What Mr. Darwin Saw in His Voyage Round the World in the Ship "Beagle".

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Harper & Bros., 1879 - Beagle Expedition - 228 pages
 

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Page 82 - And they had breastplates, as it were breastplates of iron: and the sound of their wings was as the sound of chariots of many horses running to battle.
Page 61 - Near the springs it was a curious spectacle to behold many of these huge creatures, one set eagerly travelling onwards with outstretched necks, and another set returning, after having drunk their fill.
Page 170 - Among the scenes which are deeply impressed on my mind, none exceed in sublimity the primeval forests undefaced by the hand of man ; whether those of Brazil, where the powers of Life are predominant, or those of Tierra del Fuego, where Death and Decay prevail. Both are temples filled with the varied productions of the God of Nature: no one can stand in these solitudes unmoved, and not feel that there is more in man than the mere breath of his body.
Page 54 - The nature of this lizard's food, as well as the structure of its tail and feet, and the fact of its having been seen voluntarily swimming out at sea, absolutely prove its aquatic habits; yet there is in this respect one strange anomaly, namely, that when frightened it will not enter the water.
Page 114 - Near Rio de Janeiro I lived opposite to an old lady who kept screws to crush the fingers of her female slaves. I have stayed in a house where a young household mulatto, daily and hourly, was reviled, beaten, and persecuted enough to break the spirit of the lowest animal.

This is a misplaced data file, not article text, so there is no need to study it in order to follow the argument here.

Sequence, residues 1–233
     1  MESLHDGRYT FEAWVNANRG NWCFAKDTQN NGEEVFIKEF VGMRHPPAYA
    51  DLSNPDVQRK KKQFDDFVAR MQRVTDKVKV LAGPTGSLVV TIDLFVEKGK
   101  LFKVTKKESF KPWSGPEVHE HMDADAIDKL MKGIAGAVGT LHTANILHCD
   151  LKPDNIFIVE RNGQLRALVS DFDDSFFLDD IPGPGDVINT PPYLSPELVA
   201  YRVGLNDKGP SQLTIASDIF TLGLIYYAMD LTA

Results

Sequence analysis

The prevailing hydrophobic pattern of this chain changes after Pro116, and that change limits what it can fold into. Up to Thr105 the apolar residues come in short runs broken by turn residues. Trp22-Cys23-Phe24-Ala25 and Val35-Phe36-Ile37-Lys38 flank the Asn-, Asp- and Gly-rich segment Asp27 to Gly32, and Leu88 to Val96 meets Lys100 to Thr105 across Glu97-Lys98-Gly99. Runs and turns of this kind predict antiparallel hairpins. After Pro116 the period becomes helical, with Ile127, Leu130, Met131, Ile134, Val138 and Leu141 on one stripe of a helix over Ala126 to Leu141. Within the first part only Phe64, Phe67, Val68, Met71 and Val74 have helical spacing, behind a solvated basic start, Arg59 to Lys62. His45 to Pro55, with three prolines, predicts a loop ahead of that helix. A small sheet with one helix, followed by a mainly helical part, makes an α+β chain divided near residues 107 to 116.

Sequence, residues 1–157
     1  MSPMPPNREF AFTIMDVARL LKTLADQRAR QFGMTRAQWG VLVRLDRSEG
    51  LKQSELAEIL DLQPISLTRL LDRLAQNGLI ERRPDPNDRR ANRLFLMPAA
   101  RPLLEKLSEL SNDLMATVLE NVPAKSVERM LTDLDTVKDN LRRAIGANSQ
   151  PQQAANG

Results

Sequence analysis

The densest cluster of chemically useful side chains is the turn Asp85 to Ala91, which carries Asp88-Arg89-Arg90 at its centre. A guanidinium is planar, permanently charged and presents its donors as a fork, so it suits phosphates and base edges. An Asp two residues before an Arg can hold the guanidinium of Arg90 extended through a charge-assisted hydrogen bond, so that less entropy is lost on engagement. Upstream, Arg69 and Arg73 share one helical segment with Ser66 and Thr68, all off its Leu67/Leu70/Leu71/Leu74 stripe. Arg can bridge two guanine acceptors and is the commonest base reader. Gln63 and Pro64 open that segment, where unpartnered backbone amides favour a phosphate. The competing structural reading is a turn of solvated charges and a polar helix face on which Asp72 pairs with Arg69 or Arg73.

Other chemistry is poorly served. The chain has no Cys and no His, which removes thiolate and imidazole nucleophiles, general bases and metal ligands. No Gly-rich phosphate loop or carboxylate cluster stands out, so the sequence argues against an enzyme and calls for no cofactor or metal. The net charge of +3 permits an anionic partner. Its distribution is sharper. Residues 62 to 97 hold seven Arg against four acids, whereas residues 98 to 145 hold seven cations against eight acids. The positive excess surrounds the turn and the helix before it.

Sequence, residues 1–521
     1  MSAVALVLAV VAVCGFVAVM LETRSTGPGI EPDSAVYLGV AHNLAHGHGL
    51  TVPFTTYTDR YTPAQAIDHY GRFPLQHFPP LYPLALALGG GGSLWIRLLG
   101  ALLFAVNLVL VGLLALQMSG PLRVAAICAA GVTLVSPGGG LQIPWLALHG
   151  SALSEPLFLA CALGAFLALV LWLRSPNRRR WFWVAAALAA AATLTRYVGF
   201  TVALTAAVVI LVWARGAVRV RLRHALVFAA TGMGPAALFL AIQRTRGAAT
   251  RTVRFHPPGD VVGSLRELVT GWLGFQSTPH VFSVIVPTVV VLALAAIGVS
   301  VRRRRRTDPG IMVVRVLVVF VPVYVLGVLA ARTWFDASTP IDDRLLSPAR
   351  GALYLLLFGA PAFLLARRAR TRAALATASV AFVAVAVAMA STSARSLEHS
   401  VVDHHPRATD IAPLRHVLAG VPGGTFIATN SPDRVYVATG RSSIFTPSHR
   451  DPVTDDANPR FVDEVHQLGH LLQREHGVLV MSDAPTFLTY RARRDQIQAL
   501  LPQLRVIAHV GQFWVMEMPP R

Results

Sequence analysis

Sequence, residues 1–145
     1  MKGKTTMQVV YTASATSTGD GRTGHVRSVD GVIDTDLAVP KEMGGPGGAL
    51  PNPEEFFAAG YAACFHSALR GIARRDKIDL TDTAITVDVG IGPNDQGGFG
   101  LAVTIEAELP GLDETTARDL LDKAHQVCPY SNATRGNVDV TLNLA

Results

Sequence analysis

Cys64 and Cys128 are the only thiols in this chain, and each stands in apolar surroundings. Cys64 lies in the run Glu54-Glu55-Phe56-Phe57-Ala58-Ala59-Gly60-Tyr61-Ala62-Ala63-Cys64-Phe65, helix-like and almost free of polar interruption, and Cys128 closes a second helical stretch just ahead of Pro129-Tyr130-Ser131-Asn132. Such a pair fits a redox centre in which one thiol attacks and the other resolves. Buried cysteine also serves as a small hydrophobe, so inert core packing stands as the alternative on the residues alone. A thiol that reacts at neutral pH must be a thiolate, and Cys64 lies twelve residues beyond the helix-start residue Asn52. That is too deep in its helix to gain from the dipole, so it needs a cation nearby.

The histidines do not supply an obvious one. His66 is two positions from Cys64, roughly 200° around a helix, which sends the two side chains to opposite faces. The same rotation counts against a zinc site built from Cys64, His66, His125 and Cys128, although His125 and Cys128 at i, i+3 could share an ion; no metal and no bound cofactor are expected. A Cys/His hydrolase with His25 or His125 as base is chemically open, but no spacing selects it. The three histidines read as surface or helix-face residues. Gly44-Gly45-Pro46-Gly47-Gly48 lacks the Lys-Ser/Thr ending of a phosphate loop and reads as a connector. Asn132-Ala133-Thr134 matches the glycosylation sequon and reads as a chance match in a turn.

Page 112 - At length they were discovered, and a party of soldiers being sent, the whole were seized with the exception of one old woman, who, sooner than again be led into slavery, dashed herself to pieces from the summit of the mountain. In a Roman matron this would have been called the noble love of freedom : in a poor negress it is mere brutal obstinacy.
Page 170 - When quietly walking along the shady pathways, and admiring each successive view, I wished to find language to express my ideas. Epithet after epithet was found too weak to convey to those who have not visited the intertropical regions, the sensation of delight which the mind experiences.
Page 101 - Low, a sealing-master intimately acquainted with the natives of this country, give a curious account of the state of a party of one hundred and fifty natives on the west coast, who were very thin and in great distress. A succession of gales prevented the women from getting shell-fish on the rocks, and they could not go out in their canoes to catch seal. A small party of these men one morning set out, and the other Indians explained to him, that they were going a four days...
Page 110 - Shortly after passing the first spring we came in sight of a famous tree, which the Indians reverence as the altar of Walleechu. It is situated on a high part of the plain ; and hence is a landmark visible at a great distance. As soon as a tribe of Indians come in sight of it, they offer their adorations by loud shouts. The tree itself is low, much branched, and thorny: just above the root it has a diameter of about three feet.
Page 94 - Their very attitudes were abject, and the expression of their countenances distrustful, surprised, and startled. After we had presented them with some scarlet cloth, which they immediately tied round their necks, they became good friends.

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